Tax now at the centre of Management decisions

Tax now at the Centre of Management Decisions

By Nathan Omayio

For a long time, tax has been seen by many company executives and stakeholders as a single line in the financial statements which gets the least attention. It is not surprising to note that most companies do not have sound tax policies in place and if by chance they do, they are not implemented. Management decisions are made without due consideration for the tax implications of the various transactions that will go into implementing the strategies discussed at “strategy meetings”.

This has been the soft underbelly for most organisations in Kenya as evidenced by the recent flurry of contentions between companies and the Kenya Revenue Authority. This has been both on and off camera. Last year alone, disputes between KRA and taxpayers were a constant feature in our prime time news with the amounts in contention running into billions.

Such contentions have proven to be very costly to businesses as they have to engage experts to prosecute their matters. Further, most of the issues take a long time to resolve hence becoming both expensive to the business in terms of man hours and the attendant expenses. Some companies do not have the necessary internal technical resources to deal with such issues. This leads to engaging the finance team in dealing with the issue, consequently distracting them from their core business. There are even instances where the operations staff are involved in settling the tax issues taking their eyes off the ball. When such matters get into the lenses of the 4th estate, it becomes another public relations nightmare as the company reels from the negative coverage.

It is not all doom and gloom and the business climate in Kenya continues to evolve and so does the Kenya Revenue Authority to keep up with the dynamic business scene. To stay ahead of the game, KRA recently launched the 7th Corporate Plan which is a three year strategic plan intended to leverage on the gains achieved by digitisation of their processes to increase revenue collection.

First, the key focus of the revenue authority is utilisation of data in decision making. They have committed to invest considerable resources in acquisition of modern technology and data analysis capabilities to enable them expand the tax base. This has been emboldened by the huge success of the iTax roll out that netted an additional two million tax payers.

Second, KRA has continued to drop the moribund tax collection methods and is increasingly relying on intelligence and smart technology to deal with issues of tax compliance. This requires management’s attention to the nitty gritty decisions which are now under the constant surveillance of the revenue collector.

Third, the revenue authority has committed to further improve its image by transforming its staff and processes through an elaborate customer service improvement program. The KRA is looking at shedding the antagonistic image that has dogged it for a while now to a more customer friendly agency in the hope that this will lead to increased revenue collection. The creation of the Alternative Dispute Resolution mechanism has reduced the numerous court battles that have left both the revenue authority and the tax payer bruised and ushered in a new era where the “win-win” philosophy has been embraced. Last year alone KRA collected over KShs 8.3Billion through the ADR framework. The ADR process has been lauded as a landmark initiative since it has provided a platform where KRA and taxpayers can negotiate in an amicable environment.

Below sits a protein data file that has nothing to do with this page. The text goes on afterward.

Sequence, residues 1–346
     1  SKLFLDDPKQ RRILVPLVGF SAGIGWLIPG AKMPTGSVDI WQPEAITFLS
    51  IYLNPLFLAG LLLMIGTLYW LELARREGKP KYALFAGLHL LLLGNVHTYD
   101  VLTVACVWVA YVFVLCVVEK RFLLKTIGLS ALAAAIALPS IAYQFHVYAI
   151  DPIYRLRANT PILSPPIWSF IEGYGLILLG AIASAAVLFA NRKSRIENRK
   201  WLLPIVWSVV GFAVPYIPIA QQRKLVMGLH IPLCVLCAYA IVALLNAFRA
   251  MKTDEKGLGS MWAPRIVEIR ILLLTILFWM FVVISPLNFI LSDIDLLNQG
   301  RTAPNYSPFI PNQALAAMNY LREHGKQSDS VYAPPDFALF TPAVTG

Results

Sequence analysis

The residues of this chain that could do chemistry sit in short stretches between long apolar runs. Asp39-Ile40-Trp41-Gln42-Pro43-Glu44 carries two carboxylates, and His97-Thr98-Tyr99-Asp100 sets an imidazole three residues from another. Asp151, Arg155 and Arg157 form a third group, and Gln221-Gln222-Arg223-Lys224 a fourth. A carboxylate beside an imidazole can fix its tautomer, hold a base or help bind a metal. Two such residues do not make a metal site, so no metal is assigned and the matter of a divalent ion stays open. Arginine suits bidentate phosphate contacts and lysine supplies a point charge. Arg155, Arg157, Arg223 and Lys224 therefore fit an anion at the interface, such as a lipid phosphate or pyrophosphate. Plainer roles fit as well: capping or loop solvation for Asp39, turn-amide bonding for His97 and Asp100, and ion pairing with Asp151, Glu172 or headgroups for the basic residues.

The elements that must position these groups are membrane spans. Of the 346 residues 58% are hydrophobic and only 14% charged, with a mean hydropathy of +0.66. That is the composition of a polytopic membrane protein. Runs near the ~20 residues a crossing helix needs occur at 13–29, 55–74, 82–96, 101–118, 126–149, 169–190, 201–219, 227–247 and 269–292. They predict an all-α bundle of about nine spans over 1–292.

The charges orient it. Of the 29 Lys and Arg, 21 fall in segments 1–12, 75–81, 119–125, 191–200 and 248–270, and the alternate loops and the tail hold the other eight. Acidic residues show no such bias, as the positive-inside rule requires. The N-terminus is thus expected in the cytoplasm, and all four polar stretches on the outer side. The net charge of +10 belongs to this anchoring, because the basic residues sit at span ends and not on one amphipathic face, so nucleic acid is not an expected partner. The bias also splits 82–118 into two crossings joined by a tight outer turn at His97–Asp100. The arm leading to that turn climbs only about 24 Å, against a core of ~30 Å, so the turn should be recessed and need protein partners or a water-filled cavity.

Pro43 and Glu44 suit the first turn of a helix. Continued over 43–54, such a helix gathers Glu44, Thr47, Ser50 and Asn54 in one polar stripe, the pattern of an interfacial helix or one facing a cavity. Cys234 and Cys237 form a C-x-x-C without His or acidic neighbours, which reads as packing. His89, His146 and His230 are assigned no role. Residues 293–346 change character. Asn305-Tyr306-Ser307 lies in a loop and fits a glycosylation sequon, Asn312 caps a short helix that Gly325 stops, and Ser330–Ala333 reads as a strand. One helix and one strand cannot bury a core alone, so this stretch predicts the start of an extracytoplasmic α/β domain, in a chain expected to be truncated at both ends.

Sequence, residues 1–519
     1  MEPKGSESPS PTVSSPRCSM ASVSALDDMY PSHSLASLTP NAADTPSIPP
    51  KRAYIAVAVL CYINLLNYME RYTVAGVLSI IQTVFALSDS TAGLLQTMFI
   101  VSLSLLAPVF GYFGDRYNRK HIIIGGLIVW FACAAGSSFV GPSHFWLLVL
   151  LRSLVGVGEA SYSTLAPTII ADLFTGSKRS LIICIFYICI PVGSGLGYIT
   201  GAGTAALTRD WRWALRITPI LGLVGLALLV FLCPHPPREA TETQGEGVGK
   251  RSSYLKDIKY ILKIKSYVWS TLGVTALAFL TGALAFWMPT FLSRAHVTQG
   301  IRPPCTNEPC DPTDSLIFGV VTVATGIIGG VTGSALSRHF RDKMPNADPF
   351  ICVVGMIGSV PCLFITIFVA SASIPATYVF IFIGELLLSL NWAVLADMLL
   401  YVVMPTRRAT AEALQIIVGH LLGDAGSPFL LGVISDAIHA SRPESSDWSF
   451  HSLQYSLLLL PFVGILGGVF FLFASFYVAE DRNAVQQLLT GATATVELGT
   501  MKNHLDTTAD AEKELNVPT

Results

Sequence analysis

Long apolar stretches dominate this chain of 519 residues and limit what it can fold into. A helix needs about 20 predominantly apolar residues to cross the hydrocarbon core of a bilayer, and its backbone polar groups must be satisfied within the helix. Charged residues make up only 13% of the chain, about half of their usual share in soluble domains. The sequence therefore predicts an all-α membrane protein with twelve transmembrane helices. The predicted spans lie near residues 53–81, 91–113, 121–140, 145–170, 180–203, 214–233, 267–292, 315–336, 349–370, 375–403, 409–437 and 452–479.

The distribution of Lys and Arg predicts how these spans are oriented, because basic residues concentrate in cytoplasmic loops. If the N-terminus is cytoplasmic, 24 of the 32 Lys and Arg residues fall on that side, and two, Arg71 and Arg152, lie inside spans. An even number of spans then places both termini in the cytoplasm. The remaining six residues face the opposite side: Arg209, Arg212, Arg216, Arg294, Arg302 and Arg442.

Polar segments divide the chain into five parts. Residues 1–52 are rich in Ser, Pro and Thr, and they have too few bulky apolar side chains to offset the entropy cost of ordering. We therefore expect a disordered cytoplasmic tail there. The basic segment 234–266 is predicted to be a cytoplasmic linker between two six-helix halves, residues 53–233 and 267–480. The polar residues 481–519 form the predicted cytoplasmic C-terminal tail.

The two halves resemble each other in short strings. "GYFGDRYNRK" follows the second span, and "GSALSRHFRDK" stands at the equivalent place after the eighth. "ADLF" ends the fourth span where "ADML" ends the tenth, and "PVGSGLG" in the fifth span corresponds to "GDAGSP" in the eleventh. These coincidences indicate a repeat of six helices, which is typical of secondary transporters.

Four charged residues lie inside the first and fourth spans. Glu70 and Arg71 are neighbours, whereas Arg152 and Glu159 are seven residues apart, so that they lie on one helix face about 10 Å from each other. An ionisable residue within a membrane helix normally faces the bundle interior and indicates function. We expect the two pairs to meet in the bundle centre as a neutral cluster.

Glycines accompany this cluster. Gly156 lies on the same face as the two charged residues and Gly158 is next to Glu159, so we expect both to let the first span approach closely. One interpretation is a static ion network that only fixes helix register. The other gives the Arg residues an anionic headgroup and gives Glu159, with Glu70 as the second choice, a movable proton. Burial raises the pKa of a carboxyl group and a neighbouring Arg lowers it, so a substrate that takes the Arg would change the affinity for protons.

In light of this, what then can companies do?

Some companies are now adopting tax policies that guide transactions that the company is entering into. The policies are designed to anticipate any tax gaps and remedial actions. One can also opt to take the route of creating tax departments within the finance teams with the sole mandate of adding value to other departments in addition to tax compliance.

Those with tight budgets can choose to build capacity within their finance teams to take care of any tax issues that arise. This includes creating tax awareness within the company so as to achieve tax efficiency, investing in tax trainings and having tax point persons. Most of these point persons will work with external consultants to assist them navigate the murky tax issues.

Whatever strategy that a business intends to deploy, tax management is now a key consideration in the year 2019 and going forward. In our next article we shall discuss how the KRA’s transformation will affect the way businesses view their tax matters.


Andersen Tax, Kenya is a member firm of Andersen Global. Andersen Global is an international association of legally separate, independent member firms comprised of tax and legal professionals around the world. Established in 2013 by U.S. member firm Andersen Tax LLC, Andersen Global now has nearly 4,000 professionals worldwide and a presence in over 126 locations through its member firms and collaborating firms.

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  • Andersen Tax has found a home in Kenya and provides a wide range of tax, valuation, financial advisory and related consulting services to individual and commercial clients.

  • Andersen Tax has found a home in Kenya and provides a wide range of tax, valuation, financial advisory and related consulting services to individual and commercial clients.

  • A tax return is a form or forms filed with a tax authority that reports income, expenses, and other pertinent tax information. Tax returns allow taxpayers to calculate their tax liability, schedule tax payments, or request refunds for the overpayment of taxes.